Wing flaps, installed on the wings of most modern airplanes, have two
important functions. First, they permit a slower landing speed and, therefore,
decrease the required landing distance. Second, because they permit a comparatively
steep angle of descent without an increase in speed, it is possible, while
making maximum utilization of the available landing area, to safely clear
obstacles when making a landing approach to a small field. They may also
be used to shorten the takeoff distance and provide a steeper climb path.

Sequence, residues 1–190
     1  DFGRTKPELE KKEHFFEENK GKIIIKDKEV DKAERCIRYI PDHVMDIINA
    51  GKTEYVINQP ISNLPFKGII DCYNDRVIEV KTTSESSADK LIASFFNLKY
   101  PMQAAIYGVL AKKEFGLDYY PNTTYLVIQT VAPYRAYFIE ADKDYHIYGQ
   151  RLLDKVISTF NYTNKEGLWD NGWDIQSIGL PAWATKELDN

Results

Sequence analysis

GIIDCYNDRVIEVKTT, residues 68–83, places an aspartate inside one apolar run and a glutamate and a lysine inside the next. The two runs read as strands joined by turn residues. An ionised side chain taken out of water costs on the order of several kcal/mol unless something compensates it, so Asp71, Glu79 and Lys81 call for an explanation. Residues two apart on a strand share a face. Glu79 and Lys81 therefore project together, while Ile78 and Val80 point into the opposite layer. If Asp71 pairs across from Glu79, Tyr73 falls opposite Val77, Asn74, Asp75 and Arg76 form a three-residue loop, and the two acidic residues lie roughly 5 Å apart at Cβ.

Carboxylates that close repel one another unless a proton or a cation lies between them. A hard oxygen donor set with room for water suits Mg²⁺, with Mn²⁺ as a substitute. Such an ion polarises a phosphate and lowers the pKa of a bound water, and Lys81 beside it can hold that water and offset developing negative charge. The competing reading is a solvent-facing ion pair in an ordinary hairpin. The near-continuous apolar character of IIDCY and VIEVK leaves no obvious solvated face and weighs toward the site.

|Most wing flaps are hinged near the trailing edges of the wings, inboard of the ailerons (Fig. 2-7). They are controllable by the pilot either manually, electrically, or hydraulically. When they are in the up (retracted) position, they fit flush with the wings and serve as part of the wing's trailing edge. When in the down (extended) position, the flaps pivot downward from the hinge points to various angles ranging up to 40° - 50° from the wing. This in effect increases the wing camber (curvature) and angle of attack, thereby providing greater lift and more drag so that the airplane can descend or climb at a steeper angle or a slower airspeed.||